Introduction to Unix

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Shell Metacharacters

Linux for Programmers and Users, Section 5.5.

As was discussed in Structure of a Command, the command options, option arguments and command arguments are separated by the space character. However, we can also use special characters called metacharacters in a Unix command that the shell interprets rather than passing to the command.

The Shell Metacharacters are listed here for reference. Many of the metacharacters are described elsewhere in the study guide.

Symbol Meaning
> Output redirection, (see File Redirection)
>> Output redirection (append)
< Input redirection
* File substitution wildcard; zero or more characters
? File substitution wildcard; one character
[ ] File substitution wildcard; any character between brackets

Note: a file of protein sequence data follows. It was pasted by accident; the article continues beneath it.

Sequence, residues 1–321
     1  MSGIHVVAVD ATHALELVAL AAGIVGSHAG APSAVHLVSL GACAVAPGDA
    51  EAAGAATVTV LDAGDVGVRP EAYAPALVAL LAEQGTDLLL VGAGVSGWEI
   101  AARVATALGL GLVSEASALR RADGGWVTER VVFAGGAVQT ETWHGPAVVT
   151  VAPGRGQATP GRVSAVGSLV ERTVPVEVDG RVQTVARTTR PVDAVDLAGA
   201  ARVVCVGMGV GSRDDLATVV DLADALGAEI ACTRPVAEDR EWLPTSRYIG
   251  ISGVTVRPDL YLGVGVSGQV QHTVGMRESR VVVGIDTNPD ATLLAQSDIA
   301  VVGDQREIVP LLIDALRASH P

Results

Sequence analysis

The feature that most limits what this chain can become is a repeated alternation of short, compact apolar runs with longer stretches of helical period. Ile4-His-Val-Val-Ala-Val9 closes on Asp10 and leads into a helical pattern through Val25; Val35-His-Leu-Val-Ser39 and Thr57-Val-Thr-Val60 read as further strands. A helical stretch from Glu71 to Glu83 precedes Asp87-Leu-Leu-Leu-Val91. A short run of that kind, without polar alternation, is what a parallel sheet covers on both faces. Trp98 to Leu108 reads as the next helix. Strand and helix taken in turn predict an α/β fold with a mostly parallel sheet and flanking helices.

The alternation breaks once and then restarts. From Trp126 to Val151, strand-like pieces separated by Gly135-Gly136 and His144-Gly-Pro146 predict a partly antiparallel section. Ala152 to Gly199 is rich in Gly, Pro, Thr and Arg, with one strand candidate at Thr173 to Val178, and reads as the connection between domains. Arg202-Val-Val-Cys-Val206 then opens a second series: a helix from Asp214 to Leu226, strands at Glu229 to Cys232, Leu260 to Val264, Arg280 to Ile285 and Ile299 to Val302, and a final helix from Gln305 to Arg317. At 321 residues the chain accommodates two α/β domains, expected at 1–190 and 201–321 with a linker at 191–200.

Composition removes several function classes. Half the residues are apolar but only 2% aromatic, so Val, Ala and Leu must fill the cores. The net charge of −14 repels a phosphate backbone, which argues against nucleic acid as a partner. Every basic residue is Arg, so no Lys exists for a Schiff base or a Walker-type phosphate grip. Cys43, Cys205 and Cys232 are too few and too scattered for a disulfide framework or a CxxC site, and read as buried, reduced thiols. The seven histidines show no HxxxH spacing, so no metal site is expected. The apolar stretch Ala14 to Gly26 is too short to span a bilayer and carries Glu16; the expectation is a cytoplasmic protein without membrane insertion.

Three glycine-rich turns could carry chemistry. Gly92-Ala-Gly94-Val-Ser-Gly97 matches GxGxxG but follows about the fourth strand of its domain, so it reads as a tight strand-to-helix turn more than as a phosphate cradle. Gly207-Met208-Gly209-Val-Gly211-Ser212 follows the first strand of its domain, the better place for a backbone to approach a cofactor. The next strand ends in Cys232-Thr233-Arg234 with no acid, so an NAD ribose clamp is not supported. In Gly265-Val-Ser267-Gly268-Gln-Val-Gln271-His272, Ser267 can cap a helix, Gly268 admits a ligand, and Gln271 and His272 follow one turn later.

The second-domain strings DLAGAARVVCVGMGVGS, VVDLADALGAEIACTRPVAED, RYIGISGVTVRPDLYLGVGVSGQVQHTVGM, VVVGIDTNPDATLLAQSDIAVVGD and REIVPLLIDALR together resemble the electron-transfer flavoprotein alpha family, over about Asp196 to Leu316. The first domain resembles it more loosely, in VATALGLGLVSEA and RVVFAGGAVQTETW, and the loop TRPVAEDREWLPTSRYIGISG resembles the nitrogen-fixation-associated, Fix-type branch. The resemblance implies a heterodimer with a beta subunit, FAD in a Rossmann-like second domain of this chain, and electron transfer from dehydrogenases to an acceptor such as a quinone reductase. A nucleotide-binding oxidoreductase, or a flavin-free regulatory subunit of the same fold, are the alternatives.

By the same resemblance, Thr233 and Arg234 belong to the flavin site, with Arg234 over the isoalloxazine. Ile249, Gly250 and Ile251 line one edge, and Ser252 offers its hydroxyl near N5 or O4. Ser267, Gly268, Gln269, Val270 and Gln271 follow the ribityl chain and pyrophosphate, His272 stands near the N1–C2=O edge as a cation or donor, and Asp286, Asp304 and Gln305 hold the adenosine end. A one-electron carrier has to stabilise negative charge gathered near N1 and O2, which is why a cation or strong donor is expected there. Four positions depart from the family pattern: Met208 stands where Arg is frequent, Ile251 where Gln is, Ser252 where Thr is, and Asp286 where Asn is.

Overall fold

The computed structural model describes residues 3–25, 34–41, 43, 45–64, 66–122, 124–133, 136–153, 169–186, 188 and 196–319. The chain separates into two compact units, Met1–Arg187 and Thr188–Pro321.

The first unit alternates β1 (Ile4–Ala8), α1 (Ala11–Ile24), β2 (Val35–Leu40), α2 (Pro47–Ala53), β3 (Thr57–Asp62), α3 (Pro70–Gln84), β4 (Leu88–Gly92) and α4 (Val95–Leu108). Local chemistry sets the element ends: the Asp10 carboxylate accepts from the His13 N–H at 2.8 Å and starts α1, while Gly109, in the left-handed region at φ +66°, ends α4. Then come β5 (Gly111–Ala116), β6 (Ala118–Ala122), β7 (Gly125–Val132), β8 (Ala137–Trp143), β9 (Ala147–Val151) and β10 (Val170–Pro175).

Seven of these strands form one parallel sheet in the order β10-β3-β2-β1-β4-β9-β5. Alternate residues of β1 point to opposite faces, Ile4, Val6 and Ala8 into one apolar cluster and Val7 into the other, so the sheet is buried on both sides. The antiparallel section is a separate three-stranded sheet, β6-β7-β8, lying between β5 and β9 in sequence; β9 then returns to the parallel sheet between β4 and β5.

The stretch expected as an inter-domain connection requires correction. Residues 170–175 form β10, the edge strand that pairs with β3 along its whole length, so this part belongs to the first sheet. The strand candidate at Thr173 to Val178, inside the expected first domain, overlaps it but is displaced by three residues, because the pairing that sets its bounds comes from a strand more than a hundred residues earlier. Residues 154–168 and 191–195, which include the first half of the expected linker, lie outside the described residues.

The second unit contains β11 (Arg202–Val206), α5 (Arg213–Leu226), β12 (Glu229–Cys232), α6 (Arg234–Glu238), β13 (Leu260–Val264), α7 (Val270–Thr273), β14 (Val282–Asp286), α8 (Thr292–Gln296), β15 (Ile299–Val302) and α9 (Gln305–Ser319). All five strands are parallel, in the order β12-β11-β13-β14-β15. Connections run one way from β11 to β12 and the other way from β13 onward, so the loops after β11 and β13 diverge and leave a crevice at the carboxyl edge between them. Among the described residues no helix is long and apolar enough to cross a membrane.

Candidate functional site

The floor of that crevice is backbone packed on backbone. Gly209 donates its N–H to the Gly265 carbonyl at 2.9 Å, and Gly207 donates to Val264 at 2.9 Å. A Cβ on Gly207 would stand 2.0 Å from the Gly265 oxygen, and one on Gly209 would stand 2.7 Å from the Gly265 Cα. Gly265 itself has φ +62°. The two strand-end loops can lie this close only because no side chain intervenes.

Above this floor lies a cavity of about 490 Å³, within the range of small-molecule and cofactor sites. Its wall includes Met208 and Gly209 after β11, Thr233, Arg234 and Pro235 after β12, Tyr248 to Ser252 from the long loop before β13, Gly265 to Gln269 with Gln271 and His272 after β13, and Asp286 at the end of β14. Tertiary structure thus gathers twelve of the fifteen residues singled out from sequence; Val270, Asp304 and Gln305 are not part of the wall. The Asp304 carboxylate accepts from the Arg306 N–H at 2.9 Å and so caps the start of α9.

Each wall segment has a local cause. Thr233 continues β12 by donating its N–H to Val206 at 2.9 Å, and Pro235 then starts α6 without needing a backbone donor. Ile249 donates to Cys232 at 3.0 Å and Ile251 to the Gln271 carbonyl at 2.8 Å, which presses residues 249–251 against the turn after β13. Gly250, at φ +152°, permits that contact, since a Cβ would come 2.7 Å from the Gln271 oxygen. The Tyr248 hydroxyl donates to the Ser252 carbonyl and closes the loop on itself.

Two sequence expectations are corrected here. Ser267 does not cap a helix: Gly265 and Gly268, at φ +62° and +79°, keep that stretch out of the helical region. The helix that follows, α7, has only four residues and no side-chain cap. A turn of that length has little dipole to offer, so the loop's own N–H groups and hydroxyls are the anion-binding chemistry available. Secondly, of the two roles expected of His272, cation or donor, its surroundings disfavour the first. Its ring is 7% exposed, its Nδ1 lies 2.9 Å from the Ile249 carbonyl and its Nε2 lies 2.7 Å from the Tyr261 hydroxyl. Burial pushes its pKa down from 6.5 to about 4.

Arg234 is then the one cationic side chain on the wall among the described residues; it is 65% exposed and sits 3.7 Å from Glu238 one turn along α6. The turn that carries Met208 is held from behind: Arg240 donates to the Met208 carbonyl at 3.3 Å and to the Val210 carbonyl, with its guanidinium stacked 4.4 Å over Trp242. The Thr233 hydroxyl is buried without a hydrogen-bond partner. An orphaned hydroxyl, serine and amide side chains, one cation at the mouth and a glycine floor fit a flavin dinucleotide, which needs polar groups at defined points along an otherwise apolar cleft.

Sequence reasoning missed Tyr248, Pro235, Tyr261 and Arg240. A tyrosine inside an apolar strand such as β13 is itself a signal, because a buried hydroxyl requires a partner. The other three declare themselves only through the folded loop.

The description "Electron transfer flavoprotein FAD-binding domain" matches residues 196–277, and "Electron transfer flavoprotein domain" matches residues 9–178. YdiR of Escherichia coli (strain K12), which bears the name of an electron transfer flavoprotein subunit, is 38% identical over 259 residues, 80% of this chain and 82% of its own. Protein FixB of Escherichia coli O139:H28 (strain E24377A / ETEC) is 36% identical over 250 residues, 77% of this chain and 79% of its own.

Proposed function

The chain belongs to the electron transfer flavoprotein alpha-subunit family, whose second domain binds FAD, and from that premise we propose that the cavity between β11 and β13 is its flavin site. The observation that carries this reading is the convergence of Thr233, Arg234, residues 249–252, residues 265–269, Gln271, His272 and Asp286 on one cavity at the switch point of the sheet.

`cmd` Command Substitution
$(cmd) Command Substitution
| The Pipe (|)
; Command sequence, Sequences of Commands
|| OR conditional execution
&& AND conditional execution
( ) Group commands, Sequences of Commands
& Run command in the background, Background Processes
# Comment
$ Expand the value of a variable
\ Prevent or escape interpretation of the next character
<< Input redirection (see Here Documents)

How to Avoid Shell Interpretation

Linux for Programmers and Users, Section 5.16.

Sometimes we need to pass metacharacters to the command being run and do not want the shell to interpret them. There are three options to avoid shell interpretation of metacharacters.

  1. Escape the metacharacter with a backslash (\). (See also Escaped Characters) Escaping characters can be inconvenient to use when the command line contains several metacharacters that need to be escaped.

  2. Use single quotes (' ') around a string. Single quotes protect all characters except the backslash (\).

  3. Use double quotes (" "). Double quotes protect all characters except the backslash (\), dollar sign ($) and grave accent (`).

    Double quotes is often the easiest to use because we often want environment variables to be expanded.


Single and double quotes protect each other. For example:

$ echo 'Hi "Intro to Unix" Class'
Hi "Intro to Unix" Class

$ echo "Hi 'Intro to Unix' Class"
Hi 'Intro to Unix' Class